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Principles and recommendations for population and housing censuses

image of Principles and recommendations for population and housing censuses

The population and housing census is part of an integrated national statistical system, which may include other censuses (for example, agriculture), surveys, registers and administrative files. It provides, at regular intervals, the benchmark for population count at national and local levels. For small geographical areas or sub-populations, it may represent the only source of information for certain social, demographic and economic characteristics. For many countries the census also provides a solid framework to develop sampling frames. This publication represents one of the pillars for data collection on the number and characteristics of the population of a country.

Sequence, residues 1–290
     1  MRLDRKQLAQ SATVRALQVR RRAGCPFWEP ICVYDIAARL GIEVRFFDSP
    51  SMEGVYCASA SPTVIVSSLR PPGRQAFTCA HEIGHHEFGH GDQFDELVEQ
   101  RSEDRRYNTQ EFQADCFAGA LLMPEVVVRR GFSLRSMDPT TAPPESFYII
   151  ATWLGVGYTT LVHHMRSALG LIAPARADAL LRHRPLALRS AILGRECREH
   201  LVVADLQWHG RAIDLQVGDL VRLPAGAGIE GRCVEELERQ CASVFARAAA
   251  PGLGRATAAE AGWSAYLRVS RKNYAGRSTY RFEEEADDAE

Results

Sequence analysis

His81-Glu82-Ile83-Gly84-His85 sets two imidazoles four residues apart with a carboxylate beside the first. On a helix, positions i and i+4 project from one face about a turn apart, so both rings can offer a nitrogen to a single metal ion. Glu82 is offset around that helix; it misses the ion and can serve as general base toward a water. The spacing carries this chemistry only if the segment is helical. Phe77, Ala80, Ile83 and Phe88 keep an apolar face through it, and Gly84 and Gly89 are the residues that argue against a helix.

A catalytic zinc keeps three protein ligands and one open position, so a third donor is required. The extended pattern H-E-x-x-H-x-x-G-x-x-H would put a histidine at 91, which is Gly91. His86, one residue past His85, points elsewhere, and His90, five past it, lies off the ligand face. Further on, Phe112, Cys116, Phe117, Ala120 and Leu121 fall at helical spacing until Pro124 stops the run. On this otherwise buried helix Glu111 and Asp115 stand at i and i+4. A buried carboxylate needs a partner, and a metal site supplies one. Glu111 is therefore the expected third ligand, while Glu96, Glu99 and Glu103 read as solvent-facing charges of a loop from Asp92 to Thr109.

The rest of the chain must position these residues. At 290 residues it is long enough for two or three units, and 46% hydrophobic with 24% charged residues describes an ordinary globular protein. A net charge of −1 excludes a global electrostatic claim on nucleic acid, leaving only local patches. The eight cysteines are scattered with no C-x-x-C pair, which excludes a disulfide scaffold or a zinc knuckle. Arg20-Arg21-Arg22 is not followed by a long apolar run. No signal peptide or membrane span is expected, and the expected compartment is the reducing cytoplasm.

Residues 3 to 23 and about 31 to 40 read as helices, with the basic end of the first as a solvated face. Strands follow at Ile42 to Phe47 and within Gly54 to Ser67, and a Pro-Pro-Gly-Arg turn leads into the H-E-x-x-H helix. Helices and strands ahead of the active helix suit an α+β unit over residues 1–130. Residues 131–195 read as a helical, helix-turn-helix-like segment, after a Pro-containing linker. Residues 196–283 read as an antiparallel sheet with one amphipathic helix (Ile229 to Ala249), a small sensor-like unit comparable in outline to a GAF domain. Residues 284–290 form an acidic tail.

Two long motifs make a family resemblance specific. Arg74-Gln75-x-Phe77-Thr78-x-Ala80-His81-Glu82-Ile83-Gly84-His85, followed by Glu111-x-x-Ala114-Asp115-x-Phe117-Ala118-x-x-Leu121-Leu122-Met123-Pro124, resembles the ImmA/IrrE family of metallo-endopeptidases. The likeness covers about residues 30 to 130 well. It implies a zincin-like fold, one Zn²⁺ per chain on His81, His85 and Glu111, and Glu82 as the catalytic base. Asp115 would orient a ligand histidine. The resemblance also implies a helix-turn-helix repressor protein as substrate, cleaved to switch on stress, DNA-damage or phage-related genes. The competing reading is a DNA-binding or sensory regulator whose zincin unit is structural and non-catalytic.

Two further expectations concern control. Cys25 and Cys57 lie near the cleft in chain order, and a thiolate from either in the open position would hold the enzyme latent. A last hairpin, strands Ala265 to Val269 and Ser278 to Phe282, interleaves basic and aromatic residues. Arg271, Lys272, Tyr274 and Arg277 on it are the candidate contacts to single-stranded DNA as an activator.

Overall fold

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Units, place and time of enumeration for population and housing censuses

Since individual enumeration is an essential feature of a population and housing census, clarity about the unit of enumeration is an essential element of census planning. In the case of the population census, the primary unit of enumeration is the person. There are two general frameworks within which individuals are identified: (a) households and (b) institutions, as a subset of collective living quarters. The household is a general framework within which most individuals are identified, since the majority of the population live in households, and the household is also a unit of enumeration in its own right. Because the household is also a unit of enumeration for the housing census, careful identification as a preliminary step in the enumeration can facilitate the efficient collection of the data and the control of its completeness in both types of census.

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